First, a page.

I tacked this clip onto last night’s QOTD but figured Christie-haters would enjoy seeing it get some extra attention. Everyone knows the history between these two, yes? Quote:

New Jersey Gov. Chris Christie (R) declined an invitation to go to Virginia and campaign on behalf of Republican gubernatorial candidate Ken Cuccinelli, according to MSNBC’s Chuck Todd.

Citing an unnamed Republican source, Todd said on-air Tuesday night that “some senior conservative Republicans” asked Christie to campaign for Cuccinelli, but the re-elected New Jersey governor passed.

Cuccinelli was bested by Democrat Terry McAuliffe on [election day], although the margin was smaller than many observers expected.

The report calls to mind Christie’s decision to decline an invitation to campaign in Pennsylvania for Mitt Romney days after Hurricane Sandy battered New Jersey.

Since Cooch is, I believe, the only semi-prominent Republican in the country who’s calling for Christie to step down, I’m going to go ahead and treat the story about Christie snubbing him on the trail as now confirmed. Needless to say, though, unless and until Jersey Dems tie Christie to Bridgegate directly, there’s not a whisper of a chance of it happening. Resigning as head of the RGA would be a tacit admission that this scandal is a Very Big Deal and that Christie’s so tainted by it that he can no longer be effective as a fundraiser. Once he admits that, he’s done in 2016. So he’ll press on and hope it either goes away or turns him into some sort of martyr of lefty media to Republican audiences. That’s the way GOP pols are betting: When Myra Adams asked two Republican strategists whether he should quit the group, they told her “Hell no” and “Outside of the liberal media, this Christie ‘scandal’ has no legs.” Christie had been scheduled to fundraise last weekend with Rick Scott in Florida before Bridgegate broke, and while Scott’s team reportedly debated whether to rescind the invite, they ultimately went ahead with the event, calculating apparently that a charismatic northeastern governor was still an asset on balance with wealthy Floridians even post-scandal. The only tweak to the Christie/Scott meeting, as far as I know, was that details were kept more secretive than usual — although, if you believe one of Scott’s donor, that was at Christie’s behest, not Scott’s. Maybe the big guy just didn’t want to be inundated with media asking about Bridgegate when he’s busy trying to demonstrate his cachet to swing-state voters.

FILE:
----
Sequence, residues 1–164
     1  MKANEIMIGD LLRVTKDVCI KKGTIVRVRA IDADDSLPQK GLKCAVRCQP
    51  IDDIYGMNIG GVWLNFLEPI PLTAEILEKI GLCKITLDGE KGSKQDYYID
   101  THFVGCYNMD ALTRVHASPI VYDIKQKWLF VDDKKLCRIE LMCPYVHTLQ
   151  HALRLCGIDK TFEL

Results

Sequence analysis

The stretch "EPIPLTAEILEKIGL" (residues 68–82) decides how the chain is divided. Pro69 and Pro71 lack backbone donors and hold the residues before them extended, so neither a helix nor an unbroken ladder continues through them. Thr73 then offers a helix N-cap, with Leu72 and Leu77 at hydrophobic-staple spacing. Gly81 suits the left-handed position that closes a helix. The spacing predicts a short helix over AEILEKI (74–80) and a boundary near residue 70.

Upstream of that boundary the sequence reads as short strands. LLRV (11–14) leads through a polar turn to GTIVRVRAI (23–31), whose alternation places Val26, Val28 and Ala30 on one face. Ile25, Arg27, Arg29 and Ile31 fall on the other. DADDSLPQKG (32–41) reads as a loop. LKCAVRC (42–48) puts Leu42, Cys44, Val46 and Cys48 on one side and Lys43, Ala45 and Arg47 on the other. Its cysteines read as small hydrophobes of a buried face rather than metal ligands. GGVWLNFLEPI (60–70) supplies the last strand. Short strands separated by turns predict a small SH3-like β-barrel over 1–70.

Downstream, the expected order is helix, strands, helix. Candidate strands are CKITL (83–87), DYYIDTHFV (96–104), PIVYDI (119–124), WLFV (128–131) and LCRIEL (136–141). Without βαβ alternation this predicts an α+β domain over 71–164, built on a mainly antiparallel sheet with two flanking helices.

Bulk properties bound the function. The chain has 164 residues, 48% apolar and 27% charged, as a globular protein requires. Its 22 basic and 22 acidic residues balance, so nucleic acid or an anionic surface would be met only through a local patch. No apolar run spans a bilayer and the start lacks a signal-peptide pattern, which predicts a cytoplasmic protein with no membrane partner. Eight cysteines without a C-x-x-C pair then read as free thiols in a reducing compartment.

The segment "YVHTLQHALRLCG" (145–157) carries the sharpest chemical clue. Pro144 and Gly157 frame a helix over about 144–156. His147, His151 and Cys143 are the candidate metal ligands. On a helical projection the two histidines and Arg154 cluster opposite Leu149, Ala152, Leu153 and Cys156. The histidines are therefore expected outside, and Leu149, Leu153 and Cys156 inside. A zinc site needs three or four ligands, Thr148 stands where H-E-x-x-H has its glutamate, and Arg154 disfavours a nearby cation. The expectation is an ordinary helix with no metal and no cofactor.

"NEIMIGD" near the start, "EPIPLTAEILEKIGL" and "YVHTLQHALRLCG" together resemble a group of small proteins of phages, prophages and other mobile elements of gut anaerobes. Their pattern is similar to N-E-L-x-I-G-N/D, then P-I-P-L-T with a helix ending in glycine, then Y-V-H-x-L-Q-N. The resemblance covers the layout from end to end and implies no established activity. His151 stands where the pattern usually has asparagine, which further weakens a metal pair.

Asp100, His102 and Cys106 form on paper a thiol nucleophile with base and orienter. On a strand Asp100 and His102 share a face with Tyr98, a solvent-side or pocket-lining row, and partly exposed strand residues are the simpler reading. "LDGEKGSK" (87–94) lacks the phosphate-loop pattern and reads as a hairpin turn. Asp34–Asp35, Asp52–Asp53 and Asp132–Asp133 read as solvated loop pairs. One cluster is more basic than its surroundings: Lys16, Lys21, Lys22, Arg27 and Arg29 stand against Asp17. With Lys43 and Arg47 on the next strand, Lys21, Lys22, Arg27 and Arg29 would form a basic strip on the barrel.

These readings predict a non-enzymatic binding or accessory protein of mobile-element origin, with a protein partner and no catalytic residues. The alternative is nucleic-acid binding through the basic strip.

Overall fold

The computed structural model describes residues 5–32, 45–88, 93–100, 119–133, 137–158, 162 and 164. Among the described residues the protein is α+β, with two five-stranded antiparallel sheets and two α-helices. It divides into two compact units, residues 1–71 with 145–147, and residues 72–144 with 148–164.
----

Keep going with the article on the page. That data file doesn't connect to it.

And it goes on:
I’m surprised, actually, that tea partiers haven’t made a bigger deal about urging Christie to resign from the RGA. If you want to brand him permanently as damaged goods before 2016, forcing him to shed his role as a party standard-bearer is the way to do it. How can you qualify to be your party’s nominee if you can’t qualify to head the RGA?